Seriously, we could go either way on this one.
When I finally took the cake out of the oven, it looked divine, if I do say so myself. And since this is my blog, I will say so: The cake looked divine, with the streusel browned and crunchy, the cake moist (sorry, I hate that word too, but there’s really no other word to describe it). And while I didn’t have to do battle with frosting for this cake, the worries crept in that I might have to do battle with that instead. Which did not excite me, because it’s one thing to go head to head with heavy whipping cream and powdered sugar. It’s entirely another to face off with a metal ring. Literally.
I let the cake cool as directed , then carefully popped the latch. Nothing popped out at me. Nothing spewed forth. The metal ring slid off easily, leaving me with a cake that I now had to somehow get from the metal bottom to a glass plate. I mean, I guess I could have left the cake on the metal bottom, but Ashley would probably be upset if I only returned half of her baking instrument to her with a cheery note saying, “’K great, thx! Will bring back the rest of the pan when I’m done stuffing my face and no, I didn’t save a slice for you ‘K byeeee!” Plus, Mom gave me a couple lovely serving platters at Thanksgiving after I writhed around on the floor for awhile lamenting my lack of serving trays. She claimed she didn’t use the trays very often, but I think she really just wanted to shut me up. And no, I don’t blame her.
If ever you’ve seen me make pancakes or fried eggs (which is kind of weird, because hi, were you spying on me through the window? Ew.), you know that while I can pretty much handle anything a recipe throws at me (and if I can’t I have no qualms about making shit up as I go along), my skills at maneuvering a spatula in order to flip or dish out a serving of something can sometimes be lacking.
So it was with slow, careful movements—which was not easy to do considering I had a potholder on one hand since the metal bottom was still quite warm—I successfully transferred the cake from baking bottom to platter.
And then I promptly did NOT follow those bullshit directions of “letting the cake cool completely” before slicing a piece off for myself.
I mean, I waited a good, like hour or so, and I think that’s good enough. Well, maybe not good enough if you’re talking how nicely the slice stayed together at the tip, but whatever.
Happy holidays, you delicious saucy (but not like that) (yes, I mean in the deliciously naughty way, not like, the Thanksgiving way) (what?) cranberries, you. Cream cheese…well, happy holidays to you, too, even though you had nothing to do with this recipe. I still love you and will eat of your creamy cheese goodness heartily. Just…not right now, apparently.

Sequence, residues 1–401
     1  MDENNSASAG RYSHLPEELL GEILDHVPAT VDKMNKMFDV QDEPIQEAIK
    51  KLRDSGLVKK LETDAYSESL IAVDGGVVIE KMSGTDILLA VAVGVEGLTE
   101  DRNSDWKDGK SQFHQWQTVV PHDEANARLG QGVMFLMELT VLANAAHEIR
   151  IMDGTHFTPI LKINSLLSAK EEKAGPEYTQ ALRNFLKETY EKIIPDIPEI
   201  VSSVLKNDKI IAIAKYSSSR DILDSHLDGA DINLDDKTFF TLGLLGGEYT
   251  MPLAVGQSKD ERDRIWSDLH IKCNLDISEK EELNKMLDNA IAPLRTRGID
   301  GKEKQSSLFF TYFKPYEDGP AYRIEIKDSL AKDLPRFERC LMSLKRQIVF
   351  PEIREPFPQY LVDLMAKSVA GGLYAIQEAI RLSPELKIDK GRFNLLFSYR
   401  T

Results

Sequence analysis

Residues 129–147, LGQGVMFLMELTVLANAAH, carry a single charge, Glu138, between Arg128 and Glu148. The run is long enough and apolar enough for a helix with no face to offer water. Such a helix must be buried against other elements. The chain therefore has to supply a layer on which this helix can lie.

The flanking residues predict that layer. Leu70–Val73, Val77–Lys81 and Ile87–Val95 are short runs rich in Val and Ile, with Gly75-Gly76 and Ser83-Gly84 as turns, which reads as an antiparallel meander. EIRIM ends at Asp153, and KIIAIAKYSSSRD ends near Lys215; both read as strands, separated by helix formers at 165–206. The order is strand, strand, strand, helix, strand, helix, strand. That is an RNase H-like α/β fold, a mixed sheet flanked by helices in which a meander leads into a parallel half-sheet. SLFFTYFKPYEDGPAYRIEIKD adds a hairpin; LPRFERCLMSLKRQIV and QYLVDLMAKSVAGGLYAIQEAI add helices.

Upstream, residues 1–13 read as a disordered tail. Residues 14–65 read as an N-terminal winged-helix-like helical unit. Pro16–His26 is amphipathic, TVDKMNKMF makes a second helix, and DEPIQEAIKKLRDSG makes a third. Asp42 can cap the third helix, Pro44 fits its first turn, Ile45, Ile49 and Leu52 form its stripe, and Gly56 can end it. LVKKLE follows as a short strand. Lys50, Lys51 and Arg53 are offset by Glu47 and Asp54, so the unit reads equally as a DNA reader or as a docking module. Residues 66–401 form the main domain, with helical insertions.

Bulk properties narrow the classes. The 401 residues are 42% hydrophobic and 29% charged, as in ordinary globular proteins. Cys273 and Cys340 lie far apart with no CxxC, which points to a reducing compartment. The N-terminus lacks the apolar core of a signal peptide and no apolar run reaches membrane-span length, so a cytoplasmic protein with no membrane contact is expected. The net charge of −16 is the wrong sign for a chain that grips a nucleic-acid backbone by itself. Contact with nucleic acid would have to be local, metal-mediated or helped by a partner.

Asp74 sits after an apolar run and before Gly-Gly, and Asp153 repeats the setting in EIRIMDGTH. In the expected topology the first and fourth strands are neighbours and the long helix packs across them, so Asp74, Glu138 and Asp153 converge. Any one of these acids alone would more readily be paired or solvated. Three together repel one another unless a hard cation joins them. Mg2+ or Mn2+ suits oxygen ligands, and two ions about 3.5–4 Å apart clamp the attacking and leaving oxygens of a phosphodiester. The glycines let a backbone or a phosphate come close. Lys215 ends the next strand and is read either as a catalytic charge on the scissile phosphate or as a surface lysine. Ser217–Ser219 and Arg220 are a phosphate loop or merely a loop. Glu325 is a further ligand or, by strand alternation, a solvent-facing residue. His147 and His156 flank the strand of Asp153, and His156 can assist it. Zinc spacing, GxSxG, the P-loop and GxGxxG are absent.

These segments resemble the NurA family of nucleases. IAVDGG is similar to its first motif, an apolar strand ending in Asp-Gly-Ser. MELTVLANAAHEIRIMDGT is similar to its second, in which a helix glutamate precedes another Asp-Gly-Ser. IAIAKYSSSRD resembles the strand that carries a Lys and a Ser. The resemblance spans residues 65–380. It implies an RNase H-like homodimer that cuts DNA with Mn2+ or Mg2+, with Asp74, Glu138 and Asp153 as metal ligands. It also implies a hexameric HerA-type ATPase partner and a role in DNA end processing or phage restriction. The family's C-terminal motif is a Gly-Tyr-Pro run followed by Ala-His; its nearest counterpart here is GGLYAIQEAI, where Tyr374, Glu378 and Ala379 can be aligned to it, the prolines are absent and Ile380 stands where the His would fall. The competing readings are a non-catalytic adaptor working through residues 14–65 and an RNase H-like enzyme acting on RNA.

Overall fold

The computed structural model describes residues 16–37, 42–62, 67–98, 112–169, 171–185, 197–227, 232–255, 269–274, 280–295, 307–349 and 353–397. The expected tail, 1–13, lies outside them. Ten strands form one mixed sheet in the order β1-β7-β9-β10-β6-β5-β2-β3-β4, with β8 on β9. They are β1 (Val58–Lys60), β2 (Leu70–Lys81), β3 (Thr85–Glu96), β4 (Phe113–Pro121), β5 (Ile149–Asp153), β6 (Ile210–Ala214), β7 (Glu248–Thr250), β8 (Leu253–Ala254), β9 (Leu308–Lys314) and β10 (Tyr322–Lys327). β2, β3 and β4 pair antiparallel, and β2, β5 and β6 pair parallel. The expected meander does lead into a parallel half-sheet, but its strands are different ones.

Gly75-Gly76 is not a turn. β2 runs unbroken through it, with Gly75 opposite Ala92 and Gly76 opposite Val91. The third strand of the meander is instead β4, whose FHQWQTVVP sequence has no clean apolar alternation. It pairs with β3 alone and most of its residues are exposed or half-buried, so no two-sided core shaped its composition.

December’s Cake: Cranberry Cake
(Recipe from Cake Keeper Cakes by Lauren Chattman)
Makes one 10-inch round cake
For the Streusel
1 cup sliced almonds
2 tbsp unsalted butter, melted
2 tbsp light brown sugar
For the Cake
2 cups all-purpose flour
1 tsp baking powder
¼ tsp salt
2 cups granulated sugar
¾ cup (1½ sticks) butter, melted and cooled
1 tsp vanilla extract
1 bag (12 ounces) fresh cranberries
Method – Streusel
Heat the oven to 300F. Grease a 10inch round springform pan.
Combine the butter, almonds and brown sugar in a medium bowl. Work the mixture between your fingers to form large crumbs. Refrigerate until ready to use.
Method – Cake
Whisk together the flour, baking powder and salt in a medium bowl. Combine the eggs and granulated sugar in a large mixing bowl and beat with an electric mixer on medium high speed until the mixture is lightened and increased in volume, about 5 minutes.
With the mixer on low speed, add the butter in a slow stream. Turn the mixer to medium speed and beat for another 2 minutes. Stir in the vanilla.
Gently but thoroughly fold in the flour mixture, half a cup at a time. Then stir in the cranberries.
Scrape the batter into the prepared pan, smoothing the top with a spatula. Sprinkle the streusel over the batter. Bake the cake until it is golden and a toothpick inserted in the centre comes out clean, about 1 hour to 1hour 10minutes.
Let the cake cool in the pan on a wire rack for 10 minutes. Release the sides of the pan and use a large spatula to slide the cake from the pan bottom onto the wire rack. Cool completely before cutting into wedges and serving.
Store uneaten cake in a cake keeper or wrap in plastic and store at room temperature for up to 5 days.